In the words of author Barbara Johnson, “pain is inevitable; misery is optional.”
I think the Apostle Paul would have put it more triumphantly: “pain is inevitable, but joy is always possible.”
Paul was in prison when he wrote: “I thank my God in all my remembrance of you, always in every prayer of mine for you all making my prayer with joy…” (Philippians 1:3–4, ESV). If Paul’s joy didn’t have to wait until he was released from prison, our joy doesn’t have to wait until the end of the pandemic.
University professor and motivational speaker, Leo Buscaglia, often told of his mother’s “misery dinner.” One fateful evening, Buscaglia’s father arrived home dejected and announced that his business partner had absconded all their resources. The father suddenly had nothing. Bankruptcy seemed inevitable.
Imagine the family’s shock when, the next evening, Buscaglia’s mother prepared a huge feast. The Italian immigrant mom spared no expense on a lavish dinner spilling over with antipasti, salads, veal, pastas, and breads.
“What’s this?” Buscaglia’s father cried out.
“The time for joy is now,” the mother explained. “This is when we most need joy, not next week or later.”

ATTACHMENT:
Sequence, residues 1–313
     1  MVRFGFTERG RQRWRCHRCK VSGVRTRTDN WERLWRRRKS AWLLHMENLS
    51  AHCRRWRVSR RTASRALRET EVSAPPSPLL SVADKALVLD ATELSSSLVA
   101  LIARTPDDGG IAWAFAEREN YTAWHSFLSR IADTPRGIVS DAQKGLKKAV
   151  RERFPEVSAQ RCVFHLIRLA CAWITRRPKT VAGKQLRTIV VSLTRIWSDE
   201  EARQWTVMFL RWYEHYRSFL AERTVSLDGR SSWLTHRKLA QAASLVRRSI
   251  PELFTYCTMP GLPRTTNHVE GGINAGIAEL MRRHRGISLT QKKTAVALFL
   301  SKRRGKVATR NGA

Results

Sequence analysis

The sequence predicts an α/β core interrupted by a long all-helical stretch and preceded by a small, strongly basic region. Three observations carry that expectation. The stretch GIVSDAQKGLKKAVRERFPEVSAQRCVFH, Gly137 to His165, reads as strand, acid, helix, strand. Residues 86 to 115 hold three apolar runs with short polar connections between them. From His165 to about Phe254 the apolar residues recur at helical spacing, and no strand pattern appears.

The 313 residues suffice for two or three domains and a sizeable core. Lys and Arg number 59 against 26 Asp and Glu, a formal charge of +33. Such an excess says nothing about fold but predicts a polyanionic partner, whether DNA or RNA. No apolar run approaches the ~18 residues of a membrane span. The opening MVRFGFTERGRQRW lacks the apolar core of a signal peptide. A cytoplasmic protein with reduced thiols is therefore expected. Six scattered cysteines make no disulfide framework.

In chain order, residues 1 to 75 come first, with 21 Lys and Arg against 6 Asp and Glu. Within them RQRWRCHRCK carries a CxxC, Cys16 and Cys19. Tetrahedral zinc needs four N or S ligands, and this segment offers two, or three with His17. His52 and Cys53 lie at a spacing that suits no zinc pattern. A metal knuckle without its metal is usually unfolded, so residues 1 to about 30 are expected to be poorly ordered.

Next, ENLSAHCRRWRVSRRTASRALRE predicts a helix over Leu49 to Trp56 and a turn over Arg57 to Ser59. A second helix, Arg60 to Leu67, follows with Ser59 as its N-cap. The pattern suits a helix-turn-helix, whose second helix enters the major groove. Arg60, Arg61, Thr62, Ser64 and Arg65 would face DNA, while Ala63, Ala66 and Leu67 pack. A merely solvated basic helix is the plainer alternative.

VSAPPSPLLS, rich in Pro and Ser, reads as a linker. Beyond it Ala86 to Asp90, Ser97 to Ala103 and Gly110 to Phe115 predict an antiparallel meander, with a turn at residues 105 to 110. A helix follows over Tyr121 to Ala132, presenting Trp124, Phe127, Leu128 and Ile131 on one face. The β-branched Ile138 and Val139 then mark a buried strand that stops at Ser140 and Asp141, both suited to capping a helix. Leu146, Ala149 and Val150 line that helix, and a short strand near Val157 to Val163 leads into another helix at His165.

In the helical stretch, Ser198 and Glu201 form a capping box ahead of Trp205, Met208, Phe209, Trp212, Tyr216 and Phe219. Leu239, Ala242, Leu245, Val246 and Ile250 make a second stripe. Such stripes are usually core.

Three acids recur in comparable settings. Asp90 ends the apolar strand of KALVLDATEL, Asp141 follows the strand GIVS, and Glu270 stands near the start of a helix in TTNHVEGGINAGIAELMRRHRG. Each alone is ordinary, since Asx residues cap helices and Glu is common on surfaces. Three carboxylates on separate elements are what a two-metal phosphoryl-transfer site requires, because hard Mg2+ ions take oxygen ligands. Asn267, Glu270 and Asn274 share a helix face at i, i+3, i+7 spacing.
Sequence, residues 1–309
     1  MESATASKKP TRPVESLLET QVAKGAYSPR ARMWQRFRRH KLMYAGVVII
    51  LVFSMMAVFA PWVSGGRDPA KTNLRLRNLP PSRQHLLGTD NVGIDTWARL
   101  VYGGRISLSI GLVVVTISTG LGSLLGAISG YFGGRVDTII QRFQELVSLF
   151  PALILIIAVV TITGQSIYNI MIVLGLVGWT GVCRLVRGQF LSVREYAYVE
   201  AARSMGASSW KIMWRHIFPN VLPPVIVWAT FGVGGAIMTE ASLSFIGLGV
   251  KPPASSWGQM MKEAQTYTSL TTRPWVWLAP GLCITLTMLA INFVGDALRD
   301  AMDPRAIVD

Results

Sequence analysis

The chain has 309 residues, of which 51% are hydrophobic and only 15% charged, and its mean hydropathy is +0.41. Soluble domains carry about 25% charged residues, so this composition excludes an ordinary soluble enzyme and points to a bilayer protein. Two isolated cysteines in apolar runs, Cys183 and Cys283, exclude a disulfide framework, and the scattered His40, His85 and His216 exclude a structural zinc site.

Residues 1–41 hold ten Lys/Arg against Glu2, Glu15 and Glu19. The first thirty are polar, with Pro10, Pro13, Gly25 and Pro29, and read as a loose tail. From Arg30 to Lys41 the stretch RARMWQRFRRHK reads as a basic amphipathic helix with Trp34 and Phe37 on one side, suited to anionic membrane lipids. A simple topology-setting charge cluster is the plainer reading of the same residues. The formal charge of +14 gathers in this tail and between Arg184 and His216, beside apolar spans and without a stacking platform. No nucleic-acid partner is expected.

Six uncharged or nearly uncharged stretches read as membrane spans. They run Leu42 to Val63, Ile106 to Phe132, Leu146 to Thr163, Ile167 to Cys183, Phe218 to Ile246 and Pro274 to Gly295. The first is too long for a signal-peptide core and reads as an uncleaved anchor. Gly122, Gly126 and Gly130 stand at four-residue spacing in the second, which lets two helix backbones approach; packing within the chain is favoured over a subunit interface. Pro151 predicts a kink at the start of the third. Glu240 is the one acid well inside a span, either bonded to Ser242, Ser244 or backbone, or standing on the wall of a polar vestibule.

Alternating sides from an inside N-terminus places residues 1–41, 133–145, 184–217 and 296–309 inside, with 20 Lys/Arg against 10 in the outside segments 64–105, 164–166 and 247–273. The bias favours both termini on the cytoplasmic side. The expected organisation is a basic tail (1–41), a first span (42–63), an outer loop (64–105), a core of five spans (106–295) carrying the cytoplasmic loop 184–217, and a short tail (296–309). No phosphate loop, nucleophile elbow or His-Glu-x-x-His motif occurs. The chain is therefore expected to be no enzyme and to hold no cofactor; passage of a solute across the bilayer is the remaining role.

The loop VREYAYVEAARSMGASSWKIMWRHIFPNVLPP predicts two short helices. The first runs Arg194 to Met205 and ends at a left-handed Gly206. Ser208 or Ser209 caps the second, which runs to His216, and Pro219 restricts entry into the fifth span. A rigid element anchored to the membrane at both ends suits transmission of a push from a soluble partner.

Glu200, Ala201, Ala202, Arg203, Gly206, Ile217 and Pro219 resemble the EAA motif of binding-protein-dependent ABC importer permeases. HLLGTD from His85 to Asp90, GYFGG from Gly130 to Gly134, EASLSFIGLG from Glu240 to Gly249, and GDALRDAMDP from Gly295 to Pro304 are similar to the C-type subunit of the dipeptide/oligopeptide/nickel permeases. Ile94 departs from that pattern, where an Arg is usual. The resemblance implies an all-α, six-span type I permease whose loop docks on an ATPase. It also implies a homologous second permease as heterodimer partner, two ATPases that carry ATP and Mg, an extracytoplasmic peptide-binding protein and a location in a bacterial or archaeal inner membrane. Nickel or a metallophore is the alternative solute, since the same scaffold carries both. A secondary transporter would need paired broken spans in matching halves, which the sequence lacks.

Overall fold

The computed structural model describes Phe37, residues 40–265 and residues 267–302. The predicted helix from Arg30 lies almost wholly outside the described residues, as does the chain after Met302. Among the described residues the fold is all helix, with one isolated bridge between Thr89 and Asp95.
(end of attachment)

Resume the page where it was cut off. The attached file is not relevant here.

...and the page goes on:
She had sold some jewelry to buy food for the feast. Buscaglia said the family cried and laughed and celebrated in the midst of their difficulties, and no one ever forgot the joy of that dinner in the midst of their pain.
It’s surprising that, though the Apostle Paul was writing from prison, he mentioned “joy” 16 times in his epistle to the Philippians.
What may surprise me even more is all that Paul doesn’t highlight in his Philippian letter. He doesn’t complain of being wrongly imprisoned. He doesn’t refer to the difficulty of his circumstances (other than mentioning that he’s learned to be content no matter the situation). He doesn’t try to rally support for his release from prison. He doesn’t denigrate the Roman government. He doesn’t vent his anger at the Jews who were originally responsible for his imprisonment. He doesn’t belabor the wretched evils in the Roman empire. He doesn’t even address the idolatry and paganism surrounding him.
Instead, Paul thanked God for every good gift and rejoiced.
You can have joy in the Lord no matter what. And that’s the Gospel!